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Marshfield Clinic Research Foundation

distraction

This three-item, seven-point Likert-type scale measures the degree to which a person believes that having to take photos with a particular purpose in mind negatively impacted the personal experience of what was being photographed. The goal of taking the photos is not named in the items but can be provided in the instructions if it is not obvious from the context.

With three, seven-point items, the scale measures the degree to which a person was daydreaming or thinking about other things during a particular task.

With five, five-point Likert-type items, the scale measures a person’s tendency to use the Internet for the purpose of avoiding unpleasant tasks and responsibilities.

With seven, seven-point items, the scale is used to measure the degree to which a person is characterized by one of two trait-like “modes” of attention: focus on the immediate environment (experiencing) or stimuli-independent thought (mind wandering).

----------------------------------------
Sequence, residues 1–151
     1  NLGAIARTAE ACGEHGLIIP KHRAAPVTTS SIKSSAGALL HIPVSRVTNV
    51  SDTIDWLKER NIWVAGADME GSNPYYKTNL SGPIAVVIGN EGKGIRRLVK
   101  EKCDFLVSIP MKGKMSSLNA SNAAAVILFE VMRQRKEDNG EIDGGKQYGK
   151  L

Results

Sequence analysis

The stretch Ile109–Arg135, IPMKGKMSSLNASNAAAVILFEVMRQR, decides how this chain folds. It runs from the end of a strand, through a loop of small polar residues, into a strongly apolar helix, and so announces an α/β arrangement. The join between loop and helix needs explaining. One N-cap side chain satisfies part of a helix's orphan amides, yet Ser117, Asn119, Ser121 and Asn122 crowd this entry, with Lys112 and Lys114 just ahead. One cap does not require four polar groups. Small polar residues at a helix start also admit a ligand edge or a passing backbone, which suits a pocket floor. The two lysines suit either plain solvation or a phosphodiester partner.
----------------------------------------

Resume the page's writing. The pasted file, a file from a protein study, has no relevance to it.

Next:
Three statements are used to measure the extent to which a customer believes that employees of a business engaged in behaviors that disturbed one’s activities in the establishment, with an emphasis on employee distractions near closing time.

The level of distraction a person experiences in a room used for an experiment is measured with three, seven-point items.

Three, seven-point semantic differentials are used to measure the degree of focus a person has on a particular activity, as in an experiment, with the emphasis being on how much the person's attention was diverted from the task to something else.

This three-item, nine-point Likert-type scale measures the degree to which a person perceived a commercial to be confusing because some aspect(s) of it distracted from understanding the ad's message.